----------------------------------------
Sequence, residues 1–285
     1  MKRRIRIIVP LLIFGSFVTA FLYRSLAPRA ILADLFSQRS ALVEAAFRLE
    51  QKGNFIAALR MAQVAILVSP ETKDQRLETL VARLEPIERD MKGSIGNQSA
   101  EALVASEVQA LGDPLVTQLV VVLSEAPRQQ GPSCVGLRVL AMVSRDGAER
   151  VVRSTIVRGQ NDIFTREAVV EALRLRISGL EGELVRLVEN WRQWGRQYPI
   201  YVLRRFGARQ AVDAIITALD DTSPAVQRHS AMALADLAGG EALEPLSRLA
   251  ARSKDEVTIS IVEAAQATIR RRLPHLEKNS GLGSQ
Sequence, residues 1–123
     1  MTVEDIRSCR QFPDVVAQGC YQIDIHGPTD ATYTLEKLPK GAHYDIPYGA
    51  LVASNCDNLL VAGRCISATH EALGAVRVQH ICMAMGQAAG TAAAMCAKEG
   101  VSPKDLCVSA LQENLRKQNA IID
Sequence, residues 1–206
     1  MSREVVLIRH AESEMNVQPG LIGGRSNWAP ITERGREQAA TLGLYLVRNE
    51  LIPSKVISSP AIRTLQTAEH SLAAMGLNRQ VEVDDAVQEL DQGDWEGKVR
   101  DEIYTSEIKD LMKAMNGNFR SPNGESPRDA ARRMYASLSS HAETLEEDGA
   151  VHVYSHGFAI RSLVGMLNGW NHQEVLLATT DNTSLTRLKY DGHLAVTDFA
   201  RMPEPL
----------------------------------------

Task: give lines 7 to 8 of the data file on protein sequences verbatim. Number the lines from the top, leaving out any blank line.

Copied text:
   251  ARSKDEVTIS IVEAAQATIR RRLPHLEKNS GLGSQ
Sequence, residues 1–123